England's Northern Rock said Friday it is replacing its chairman, after two months of troubles during which the mortgage lender took emergency funding from the Bank of England and saw the first run on a British bank in nearly a century.
Chairman Matt Ridley, who has carried much of the blame for Northern Rock's troubles, is to resign and be succeeded by former Standard Chartered Chairman Bryan Sanderson, the bank said in a statement to the London Stock Exchange.
Northern Rock said Ridley "made clear in September that he was willing to resign," but was asked to stay on until new funding arrangements were in place and until he had given evidence to the Parliamentary Treasury Select Committee.
Ridley told the Parliamentary inquiry earlier this week that nobody could have predicted the complete market shutdown that led to Northern Rock's problems.
"He and the board now believe that in the interests of all stakeholders in the company, the time is right to accept his resignation as a director and chairman of the company," Northern Rock said.
The appointment of Sanderson, who is also a former chairman of BUPA and a former director of BP, will take effect immediately after the company obtains the necessary approval from the Financial Services Authority.
Northern Rock has been consulting with the Bank of England, the Financial Services Authority and the British government on executive decisions since it ran into trouble.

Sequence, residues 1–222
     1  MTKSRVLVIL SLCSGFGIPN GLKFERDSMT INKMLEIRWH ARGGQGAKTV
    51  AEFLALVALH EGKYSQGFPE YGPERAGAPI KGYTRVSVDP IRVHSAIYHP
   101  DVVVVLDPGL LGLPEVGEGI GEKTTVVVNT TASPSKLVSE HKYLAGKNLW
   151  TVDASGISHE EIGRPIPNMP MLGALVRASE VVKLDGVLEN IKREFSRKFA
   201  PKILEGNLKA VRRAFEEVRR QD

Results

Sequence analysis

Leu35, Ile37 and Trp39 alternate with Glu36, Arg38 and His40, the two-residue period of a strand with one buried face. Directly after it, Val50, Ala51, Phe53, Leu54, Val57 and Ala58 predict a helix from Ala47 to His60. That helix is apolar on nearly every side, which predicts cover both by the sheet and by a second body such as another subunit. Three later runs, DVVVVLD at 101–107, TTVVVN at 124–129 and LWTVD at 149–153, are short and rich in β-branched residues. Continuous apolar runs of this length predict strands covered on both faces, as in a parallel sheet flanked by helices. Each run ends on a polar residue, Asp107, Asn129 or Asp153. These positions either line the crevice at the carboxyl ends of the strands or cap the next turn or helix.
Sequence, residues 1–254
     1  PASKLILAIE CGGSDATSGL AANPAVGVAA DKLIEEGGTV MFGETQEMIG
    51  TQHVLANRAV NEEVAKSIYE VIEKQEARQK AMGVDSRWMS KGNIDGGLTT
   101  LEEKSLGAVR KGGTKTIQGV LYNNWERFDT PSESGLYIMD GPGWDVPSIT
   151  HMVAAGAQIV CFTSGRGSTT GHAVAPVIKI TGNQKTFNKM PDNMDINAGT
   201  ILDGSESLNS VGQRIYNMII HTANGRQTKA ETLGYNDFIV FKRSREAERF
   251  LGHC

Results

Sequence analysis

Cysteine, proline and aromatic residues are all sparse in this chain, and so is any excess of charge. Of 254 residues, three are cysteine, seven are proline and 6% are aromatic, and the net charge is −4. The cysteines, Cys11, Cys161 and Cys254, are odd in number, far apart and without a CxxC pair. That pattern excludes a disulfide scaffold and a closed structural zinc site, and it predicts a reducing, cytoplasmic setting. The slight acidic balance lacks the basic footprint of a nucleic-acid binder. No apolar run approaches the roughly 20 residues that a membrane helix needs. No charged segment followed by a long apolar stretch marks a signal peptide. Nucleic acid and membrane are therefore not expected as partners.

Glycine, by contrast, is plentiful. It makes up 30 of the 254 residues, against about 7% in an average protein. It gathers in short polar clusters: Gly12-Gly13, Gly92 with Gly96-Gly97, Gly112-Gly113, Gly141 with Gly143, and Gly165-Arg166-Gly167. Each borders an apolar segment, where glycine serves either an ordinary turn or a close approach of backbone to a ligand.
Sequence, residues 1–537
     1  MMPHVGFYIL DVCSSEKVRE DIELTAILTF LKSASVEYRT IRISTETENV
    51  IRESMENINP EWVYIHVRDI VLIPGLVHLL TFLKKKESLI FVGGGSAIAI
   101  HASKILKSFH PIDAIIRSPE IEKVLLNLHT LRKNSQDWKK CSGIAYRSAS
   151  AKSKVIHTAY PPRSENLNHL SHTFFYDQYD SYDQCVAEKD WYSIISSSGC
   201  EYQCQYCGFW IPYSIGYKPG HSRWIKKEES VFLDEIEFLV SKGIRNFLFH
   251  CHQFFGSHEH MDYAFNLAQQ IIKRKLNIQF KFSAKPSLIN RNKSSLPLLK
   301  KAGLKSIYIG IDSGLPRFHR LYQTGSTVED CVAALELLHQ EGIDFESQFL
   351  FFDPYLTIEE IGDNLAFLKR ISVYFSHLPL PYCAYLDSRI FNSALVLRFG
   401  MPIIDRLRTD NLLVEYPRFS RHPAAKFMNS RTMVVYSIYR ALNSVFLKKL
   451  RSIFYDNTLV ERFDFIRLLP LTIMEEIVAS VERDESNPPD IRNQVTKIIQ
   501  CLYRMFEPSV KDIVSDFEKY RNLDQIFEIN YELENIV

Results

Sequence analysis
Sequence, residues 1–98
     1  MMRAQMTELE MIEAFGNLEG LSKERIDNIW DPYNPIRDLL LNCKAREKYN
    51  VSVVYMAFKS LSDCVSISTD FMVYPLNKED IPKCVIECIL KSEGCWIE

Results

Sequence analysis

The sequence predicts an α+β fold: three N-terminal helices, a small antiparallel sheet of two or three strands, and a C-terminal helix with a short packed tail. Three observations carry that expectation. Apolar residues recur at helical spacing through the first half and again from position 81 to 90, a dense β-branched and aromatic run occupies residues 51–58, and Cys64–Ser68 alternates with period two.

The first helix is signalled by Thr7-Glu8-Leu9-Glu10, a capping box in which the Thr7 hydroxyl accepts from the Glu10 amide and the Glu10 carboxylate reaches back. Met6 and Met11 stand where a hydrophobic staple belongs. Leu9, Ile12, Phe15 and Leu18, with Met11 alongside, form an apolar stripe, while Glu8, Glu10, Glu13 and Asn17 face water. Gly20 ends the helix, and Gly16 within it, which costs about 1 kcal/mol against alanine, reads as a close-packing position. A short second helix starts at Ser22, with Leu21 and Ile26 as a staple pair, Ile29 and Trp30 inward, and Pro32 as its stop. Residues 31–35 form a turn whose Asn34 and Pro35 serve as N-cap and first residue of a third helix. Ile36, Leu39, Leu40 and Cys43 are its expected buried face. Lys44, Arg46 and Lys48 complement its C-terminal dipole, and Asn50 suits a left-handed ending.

Ridley and CEO Adam Applegarth told lawmakers earlier this week that the bank, which is now in talks with several potential suitors, had picked up some warning signs but could not have predicted the full extent of the problems or done anything to mitigate the risk.
Ridley said he started discussing potential problems for the lender with Applegarth on Aug. 10, the day after the credit markets first froze and discussions were ramped up as it became clear the freeze was not clearing.
Ridley said the bank had sought to diversify its sources of funding but also insisted that it could not have predicted the worldwide closing of credit markets.
Northern Rock was particularly exposed the shrinking of global credit markets after the collapse of the U.S. subprime mortgage market because of its heavy reliance on funding from the wholesale money markets.
Those markets dried up in early August as banks became increasingly reluctant to lend to each other while they remained unaware of rivals' exposure to the U.S. subprime collapse.
Northern Rock went public with its problems last month, issuing a profit warning as it confirmed that it had approached the Bank of England as the lender of last resort for funds to help it through the crisis.